Hence, Benedict’s five-year project of cementing us to men and women across the centuries who continue to support us in building up the people of God precisely as a communion. Figures such as Sts. Basil, Jerome, Augustine, Gertrude the Great, Julian of Norwich, Catherine of Bologna and many others. His Holiness concluded these catecheses April 6, 2011, appropriately with the “Little Flower,” St. Thérèse of Lisieux, who “points out to us all that Christian life consists in living to the full the grace of Baptism in the total gift of self to the Love of the Father, in order to live like Christ, in the fire of the Holy Spirit, his same love for all the others.” 

In my 10 years at the Vatican’s Secretariat of State, there were many exciting moments, but few compared with the excitement of previewing these texts and preparing summaries for the English-speaking pilgrims. The thorough and rigorous theological training I had received crumbled in the face of these short catechetical addresses, only to be rebuilt and strengthened by Pope Benedict’s emphasis on a personal friendship with Christ through a communal experience of the Church made possible by these men and women. By presenting us with the great Christian figures (not all of whom are canonized), Benedict reminded us that we are no less capable of holiness than they were precisely because they were no less human than we are.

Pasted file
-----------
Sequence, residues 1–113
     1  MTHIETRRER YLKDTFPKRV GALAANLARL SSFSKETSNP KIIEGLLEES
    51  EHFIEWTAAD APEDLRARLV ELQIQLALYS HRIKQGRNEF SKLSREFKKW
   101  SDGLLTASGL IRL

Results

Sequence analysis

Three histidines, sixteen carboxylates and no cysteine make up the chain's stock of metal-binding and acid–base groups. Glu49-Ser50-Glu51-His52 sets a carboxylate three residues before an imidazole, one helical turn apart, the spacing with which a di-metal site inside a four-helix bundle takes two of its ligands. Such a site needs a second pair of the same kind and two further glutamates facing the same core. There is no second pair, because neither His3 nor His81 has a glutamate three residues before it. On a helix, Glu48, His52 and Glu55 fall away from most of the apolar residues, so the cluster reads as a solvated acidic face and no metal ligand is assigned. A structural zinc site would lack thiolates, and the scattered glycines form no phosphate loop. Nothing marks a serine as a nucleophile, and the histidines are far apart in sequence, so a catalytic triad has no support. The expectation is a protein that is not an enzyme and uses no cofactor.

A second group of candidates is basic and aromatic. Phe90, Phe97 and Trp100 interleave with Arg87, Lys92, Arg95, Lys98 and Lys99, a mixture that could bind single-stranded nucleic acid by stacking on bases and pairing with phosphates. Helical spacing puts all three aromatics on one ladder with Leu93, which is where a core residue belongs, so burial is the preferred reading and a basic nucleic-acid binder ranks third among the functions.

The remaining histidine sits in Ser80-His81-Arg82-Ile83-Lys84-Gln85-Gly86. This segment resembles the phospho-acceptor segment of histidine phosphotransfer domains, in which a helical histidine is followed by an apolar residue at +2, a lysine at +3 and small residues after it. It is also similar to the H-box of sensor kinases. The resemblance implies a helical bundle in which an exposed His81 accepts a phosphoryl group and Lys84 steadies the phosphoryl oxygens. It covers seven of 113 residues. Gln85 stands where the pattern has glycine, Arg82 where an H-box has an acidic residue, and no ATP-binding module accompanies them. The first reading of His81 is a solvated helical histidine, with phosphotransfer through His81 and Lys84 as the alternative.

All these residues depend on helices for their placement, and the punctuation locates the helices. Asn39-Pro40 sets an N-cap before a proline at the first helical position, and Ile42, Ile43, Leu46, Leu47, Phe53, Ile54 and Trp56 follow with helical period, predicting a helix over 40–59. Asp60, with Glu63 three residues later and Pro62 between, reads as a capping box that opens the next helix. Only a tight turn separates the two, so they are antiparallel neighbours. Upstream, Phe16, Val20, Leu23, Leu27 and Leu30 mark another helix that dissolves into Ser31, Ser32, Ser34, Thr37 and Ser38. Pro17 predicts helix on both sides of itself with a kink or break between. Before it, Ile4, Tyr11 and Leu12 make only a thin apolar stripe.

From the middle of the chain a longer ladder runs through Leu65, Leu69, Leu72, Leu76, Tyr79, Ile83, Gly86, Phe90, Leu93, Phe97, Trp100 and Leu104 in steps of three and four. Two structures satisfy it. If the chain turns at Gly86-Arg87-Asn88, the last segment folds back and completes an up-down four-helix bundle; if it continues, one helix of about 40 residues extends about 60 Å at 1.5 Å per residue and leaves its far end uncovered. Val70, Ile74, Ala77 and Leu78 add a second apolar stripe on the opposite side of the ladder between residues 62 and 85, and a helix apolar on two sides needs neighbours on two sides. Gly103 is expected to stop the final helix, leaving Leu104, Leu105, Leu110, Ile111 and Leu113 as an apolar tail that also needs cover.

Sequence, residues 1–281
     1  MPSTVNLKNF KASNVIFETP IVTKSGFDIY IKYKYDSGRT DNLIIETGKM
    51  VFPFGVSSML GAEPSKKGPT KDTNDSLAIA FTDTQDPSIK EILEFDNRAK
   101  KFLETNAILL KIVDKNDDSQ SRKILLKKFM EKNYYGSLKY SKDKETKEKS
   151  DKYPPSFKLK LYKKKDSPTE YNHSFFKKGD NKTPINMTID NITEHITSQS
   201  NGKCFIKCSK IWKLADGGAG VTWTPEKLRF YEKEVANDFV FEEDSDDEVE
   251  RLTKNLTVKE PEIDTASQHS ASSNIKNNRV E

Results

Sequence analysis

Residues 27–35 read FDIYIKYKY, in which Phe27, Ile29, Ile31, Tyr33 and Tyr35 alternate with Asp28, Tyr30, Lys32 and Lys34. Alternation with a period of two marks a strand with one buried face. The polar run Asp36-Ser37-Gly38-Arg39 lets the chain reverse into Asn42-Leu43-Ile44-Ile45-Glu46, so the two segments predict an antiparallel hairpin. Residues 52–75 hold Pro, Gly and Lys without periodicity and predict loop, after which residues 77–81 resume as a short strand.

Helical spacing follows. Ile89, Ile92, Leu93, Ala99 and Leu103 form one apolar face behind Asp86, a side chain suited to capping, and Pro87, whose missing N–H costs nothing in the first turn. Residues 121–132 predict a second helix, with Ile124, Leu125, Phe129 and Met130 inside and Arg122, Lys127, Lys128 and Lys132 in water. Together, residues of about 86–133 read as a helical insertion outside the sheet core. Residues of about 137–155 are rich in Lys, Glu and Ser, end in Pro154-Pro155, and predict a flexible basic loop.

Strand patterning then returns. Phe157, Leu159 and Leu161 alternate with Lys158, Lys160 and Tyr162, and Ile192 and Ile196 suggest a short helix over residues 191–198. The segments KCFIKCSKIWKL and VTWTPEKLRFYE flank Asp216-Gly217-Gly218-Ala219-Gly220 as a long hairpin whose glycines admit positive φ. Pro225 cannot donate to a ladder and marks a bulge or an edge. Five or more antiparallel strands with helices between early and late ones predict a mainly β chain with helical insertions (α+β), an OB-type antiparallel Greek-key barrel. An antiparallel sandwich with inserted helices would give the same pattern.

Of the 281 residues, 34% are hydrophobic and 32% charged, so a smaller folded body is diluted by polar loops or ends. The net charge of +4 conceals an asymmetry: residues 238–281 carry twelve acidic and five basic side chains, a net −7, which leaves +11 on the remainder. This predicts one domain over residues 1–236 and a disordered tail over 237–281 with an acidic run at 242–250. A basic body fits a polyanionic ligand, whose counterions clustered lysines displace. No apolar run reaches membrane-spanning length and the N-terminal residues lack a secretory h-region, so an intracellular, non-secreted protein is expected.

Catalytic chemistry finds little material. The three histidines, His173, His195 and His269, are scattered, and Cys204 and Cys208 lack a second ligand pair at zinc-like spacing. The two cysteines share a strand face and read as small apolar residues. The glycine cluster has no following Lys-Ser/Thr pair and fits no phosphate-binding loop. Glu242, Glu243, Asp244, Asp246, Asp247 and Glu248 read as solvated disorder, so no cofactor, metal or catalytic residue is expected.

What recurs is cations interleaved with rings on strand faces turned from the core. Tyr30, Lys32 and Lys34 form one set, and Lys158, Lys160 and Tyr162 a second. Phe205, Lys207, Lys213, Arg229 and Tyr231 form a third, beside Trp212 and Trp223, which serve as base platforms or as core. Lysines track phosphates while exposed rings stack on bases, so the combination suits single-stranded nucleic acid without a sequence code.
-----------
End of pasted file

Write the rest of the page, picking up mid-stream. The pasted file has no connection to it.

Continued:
If you must choose to read just one thing of Benedict XVI, read these catecheses. Even if you’ve read everything else he wrote, you won’t have a complete picture of what Benedict meant by the “new springtime of the faith” unless you read them.

Pope Benedict XVI will go down in history as one of the Church’s greatest catechists. May he rest in peace.


Daniel Gallagher teaches Latin at Cornell University. He worked at the Vatican Secretariat of State from 2006 to 2016.